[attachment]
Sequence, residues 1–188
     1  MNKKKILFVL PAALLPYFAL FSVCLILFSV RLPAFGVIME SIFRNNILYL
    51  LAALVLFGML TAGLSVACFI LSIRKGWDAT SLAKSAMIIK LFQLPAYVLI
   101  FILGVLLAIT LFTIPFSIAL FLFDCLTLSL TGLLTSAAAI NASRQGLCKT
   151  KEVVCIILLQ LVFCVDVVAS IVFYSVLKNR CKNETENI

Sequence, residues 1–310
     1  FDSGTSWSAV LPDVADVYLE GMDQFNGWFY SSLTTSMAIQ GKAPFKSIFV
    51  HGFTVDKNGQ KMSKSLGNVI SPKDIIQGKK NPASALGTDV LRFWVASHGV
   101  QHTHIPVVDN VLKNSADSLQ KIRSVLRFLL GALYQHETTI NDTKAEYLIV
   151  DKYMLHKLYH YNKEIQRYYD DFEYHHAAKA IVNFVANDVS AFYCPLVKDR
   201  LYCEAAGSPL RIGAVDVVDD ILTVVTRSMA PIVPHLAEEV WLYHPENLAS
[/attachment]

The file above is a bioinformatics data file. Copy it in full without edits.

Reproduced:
Sequence, residues 1–188
     1  MNKKKILFVL PAALLPYFAL FSVCLILFSV RLPAFGVIME SIFRNNILYL
    51  LAALVLFGML TAGLSVACFI LSIRKGWDAT SLAKSAMIIK LFQLPAYVLI
   101  FILGVLLAIT LFTIPFSIAL FLFDCLTLSL TGLLTSAAAI NASRQGLCKT
   151  KEVVCIILLQ LVFCVDVVAS IVFYSVLKNR CKNETENI

Sequence, residues 1–310
     1  FDSGTSWSAV LPDVADVYLE GMDQFNGWFY SSLTTSMAIQ GKAPFKSIFV
    51  HGFTVDKNGQ KMSKSLGNVI SPKDIIQGKK NPASALGTDV LRFWVASHGV
   101  QHTHIPVVDN VLKNSADSLQ KIRSVLRFLL GALYQHETTI NDTKAEYLIV
   151  DKYMLHKLYH YNKEIQRYYD DFEYHHAAKA IVNFVANDVS AFYCPLVKDR
   201  LYCEAAGSPL RIGAVDVVDD ILTVVTRSMA PIVPHLAEEV WLYHPENLAS